This post is a little delayed, and now I am closer to 7 months in, but 6 months is a good marking spot.
I have lived in South Africa for six entire months. This is hard for me to believe. Of course, I feel like I have been here for awhile, but half a year? No way. Someone switched my calendar.
It’s a little scary to think that my service is ¼ over, I’m down to twenty months left! I feel like I haven’t done anything, which is true and untrue. I went through training, community integration, did some teaching, had a few important discussions about corporal punishment, improved my school’s computer situation a lot, went to more training, and traveled right through the heart of this gorgeous country. However, I have not started my projects, and the school year and my teaching is just now starting.
I see a world of opportunities before me, and I have so many things I can do. I know I can’t do them all, but I will be working hard to make an impact in my community. At training in December, my counterpart and I decided to undertake a BIG project: starting a Lovelife in my village. This is a huge undertaking, but I already have support of someone at my school, and it is something my community wants. Lovelife works with high schoolers and young adults by giving them something to do. It works to educate students about HIV/AIDS and in my village, these kids need something to do. I’m not sure what else Lovelife does, but I shall be finding out soon!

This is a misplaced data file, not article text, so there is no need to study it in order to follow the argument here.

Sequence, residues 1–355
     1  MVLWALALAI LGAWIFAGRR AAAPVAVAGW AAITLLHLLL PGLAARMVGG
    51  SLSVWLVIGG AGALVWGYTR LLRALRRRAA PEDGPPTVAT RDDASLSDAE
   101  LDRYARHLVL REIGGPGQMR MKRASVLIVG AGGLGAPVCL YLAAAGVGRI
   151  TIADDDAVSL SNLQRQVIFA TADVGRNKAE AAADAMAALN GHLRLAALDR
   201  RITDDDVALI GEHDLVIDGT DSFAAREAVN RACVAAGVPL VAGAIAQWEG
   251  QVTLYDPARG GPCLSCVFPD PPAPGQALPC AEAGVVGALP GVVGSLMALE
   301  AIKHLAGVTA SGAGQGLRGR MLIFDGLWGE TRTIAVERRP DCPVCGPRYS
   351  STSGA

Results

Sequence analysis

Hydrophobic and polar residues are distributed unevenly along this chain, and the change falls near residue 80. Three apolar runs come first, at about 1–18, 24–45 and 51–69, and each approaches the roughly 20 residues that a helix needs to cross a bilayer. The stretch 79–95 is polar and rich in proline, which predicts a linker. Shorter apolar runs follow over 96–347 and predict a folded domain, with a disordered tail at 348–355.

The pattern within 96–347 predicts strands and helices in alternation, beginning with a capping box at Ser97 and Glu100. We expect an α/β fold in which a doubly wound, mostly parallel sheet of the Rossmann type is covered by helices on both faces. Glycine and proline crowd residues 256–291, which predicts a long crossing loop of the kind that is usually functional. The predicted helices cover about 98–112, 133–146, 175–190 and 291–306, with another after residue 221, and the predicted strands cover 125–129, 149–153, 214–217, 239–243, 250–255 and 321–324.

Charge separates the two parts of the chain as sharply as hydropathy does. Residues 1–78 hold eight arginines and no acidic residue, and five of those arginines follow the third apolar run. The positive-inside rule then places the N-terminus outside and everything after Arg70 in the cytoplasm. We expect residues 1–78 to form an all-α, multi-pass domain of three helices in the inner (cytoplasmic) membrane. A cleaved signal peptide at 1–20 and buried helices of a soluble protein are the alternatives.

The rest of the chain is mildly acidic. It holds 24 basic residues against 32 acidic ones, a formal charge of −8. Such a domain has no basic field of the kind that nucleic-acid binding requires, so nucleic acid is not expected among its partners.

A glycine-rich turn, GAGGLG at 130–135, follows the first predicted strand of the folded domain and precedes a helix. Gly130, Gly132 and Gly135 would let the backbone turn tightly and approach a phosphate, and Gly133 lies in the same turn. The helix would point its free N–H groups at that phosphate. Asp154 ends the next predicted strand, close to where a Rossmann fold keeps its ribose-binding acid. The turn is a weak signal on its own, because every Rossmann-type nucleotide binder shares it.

I’ve learned a lot in the past six months….about myself and the world around me. Africa is a continent suffering from many problems, and I see these problems in a personal way each and every day. I truly cannot understand the lives of my learners, most of whom live in abject poverty. It breaks my heart and strengthens me. I know my efforts here may not show results for years. But I know I am already having an impact.
About myself, I have learned about how much I can handle (answer-pretty much whatever is dumped on me). I have realized that I am resilient and more self-confident than I have ever been. I have found a closer, deeper relationship with God, and my heart grows more open to His word and His will daily. My flexibility and patience has grown by leaps and bounds, and I deal with all the difficulties African time throws at me. I though prior to coming here that I was an independent person, but I have gained a new level of independence and self-reliance.
I have really only started my service as a PCV, and already I am a new person. I look forward to the next 20 months, and embrace what my future holds. Often times I feel like 2 years is just not enough time!